Dispelling the myths about overcoming alcoholism.
Recent statistics indicate alcoholism directly affects the lives of one out of every five Americans—and many of the alcoholic or the hurt are in our churches. So understanding alcoholism and its treatment is important. To further that understanding, we have adapted the following article from the just-published book Dying for a Drink, coauthored by Anderson Spickard, Jr., and free-lance writer Barbara Thompson. Dr. Spickard is director of general internal medicine and professor of medicine at Vanderbilt University Medical Center, and a frequent speaker on the subject of alcoholism.
When painful circumstances or an organized intervention compel an alcoholic to seek treatment for his addiction, he and his family members are confronted with important questions. Where does an alcoholic go to learn how to quit drinking? What kind of help does he need?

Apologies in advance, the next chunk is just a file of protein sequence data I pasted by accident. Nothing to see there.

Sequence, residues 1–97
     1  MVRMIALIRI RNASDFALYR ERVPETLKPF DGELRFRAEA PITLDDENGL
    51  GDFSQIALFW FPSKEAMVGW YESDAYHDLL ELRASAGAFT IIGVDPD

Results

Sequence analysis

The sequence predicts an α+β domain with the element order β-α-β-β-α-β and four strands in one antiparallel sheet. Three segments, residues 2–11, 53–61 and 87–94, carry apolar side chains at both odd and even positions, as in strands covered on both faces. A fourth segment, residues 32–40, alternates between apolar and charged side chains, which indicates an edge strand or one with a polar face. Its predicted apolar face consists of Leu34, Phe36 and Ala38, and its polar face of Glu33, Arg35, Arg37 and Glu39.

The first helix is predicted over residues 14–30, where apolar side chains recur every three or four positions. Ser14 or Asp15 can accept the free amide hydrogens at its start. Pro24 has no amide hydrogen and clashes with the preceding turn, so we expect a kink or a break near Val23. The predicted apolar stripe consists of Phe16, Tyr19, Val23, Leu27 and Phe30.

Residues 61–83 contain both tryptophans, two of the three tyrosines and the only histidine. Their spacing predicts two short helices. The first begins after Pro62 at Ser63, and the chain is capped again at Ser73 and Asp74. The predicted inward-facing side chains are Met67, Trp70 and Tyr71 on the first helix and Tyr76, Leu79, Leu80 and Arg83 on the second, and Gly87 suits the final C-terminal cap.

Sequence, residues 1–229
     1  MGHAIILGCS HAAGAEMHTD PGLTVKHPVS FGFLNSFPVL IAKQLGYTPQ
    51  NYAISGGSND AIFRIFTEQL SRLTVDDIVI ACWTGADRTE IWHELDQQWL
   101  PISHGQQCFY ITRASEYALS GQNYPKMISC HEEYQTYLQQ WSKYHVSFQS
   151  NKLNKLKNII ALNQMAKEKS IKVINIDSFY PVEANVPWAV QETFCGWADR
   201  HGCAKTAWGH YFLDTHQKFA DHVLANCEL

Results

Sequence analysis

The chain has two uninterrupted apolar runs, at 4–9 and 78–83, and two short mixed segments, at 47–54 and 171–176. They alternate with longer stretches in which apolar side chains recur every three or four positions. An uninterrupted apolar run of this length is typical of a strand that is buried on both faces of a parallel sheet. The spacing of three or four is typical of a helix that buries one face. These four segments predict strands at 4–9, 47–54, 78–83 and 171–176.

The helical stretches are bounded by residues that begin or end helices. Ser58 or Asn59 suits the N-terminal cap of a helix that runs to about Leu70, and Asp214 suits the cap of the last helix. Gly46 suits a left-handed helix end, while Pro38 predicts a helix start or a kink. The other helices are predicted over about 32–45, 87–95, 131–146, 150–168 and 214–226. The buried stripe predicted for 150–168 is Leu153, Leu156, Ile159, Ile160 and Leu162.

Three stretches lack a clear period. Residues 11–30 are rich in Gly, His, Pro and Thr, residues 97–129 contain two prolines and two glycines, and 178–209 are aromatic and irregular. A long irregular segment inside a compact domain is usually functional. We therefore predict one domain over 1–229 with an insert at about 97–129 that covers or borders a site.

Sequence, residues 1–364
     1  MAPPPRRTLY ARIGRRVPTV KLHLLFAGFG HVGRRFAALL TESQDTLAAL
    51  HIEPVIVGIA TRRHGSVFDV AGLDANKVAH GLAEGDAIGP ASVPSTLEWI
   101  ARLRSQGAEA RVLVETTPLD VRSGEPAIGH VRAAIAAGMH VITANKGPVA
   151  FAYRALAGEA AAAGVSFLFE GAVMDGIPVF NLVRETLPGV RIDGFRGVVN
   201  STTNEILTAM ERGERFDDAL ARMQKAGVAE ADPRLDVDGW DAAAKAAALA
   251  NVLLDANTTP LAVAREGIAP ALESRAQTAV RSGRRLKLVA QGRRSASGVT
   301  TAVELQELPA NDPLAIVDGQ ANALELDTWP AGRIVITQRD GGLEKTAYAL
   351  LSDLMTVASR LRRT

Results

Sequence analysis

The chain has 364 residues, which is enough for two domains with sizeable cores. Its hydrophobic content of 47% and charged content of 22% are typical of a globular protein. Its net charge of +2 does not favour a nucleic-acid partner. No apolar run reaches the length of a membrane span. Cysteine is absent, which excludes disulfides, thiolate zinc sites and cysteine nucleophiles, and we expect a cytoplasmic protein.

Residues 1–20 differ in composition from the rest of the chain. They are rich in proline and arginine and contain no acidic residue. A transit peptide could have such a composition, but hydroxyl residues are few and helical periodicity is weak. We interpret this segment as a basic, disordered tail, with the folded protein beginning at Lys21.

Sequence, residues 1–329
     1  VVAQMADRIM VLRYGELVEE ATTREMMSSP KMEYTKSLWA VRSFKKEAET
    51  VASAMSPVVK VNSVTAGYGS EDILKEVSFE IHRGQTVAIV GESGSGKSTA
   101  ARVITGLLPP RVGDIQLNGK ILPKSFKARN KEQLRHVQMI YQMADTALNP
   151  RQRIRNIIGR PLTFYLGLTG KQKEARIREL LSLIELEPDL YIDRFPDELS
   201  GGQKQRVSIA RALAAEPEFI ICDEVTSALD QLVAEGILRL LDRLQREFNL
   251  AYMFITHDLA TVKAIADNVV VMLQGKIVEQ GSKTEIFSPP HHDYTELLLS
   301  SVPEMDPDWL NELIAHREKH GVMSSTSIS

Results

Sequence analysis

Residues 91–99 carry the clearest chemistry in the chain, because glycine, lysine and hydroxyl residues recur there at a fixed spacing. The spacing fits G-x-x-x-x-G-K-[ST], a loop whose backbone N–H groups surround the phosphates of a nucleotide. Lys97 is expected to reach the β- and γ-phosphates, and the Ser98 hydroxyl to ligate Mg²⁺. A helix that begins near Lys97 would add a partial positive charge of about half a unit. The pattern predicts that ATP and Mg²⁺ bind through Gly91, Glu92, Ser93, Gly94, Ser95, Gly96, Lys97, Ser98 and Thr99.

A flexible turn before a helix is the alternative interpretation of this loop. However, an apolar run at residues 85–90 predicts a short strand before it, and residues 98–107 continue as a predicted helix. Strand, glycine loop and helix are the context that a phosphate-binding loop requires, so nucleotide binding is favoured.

For many Christians, the answer seems obvious. They are skeptical of efforts to “treat” addiction and convinced that alcoholics find deliverance from alcohol only through repentance and personal conversion. As I travel among church groups, I frequently hear people say, “If only he were right with the Lord; then he wouldn’t need alcohol or drugs.” The implication is that addiction is strictly a spiritual problem, and that alcoholics and drug addicts who give themselves to God and faithfully attend church services and Bible studies will be cured of their problem.
I identify deeply with this point of view because it was once my own, and I know it often springs from a deep concern and compassion for addicted people. At the same time, I have learned from painful experience that the search for a “Christian” solution to the problem of addiction ...1
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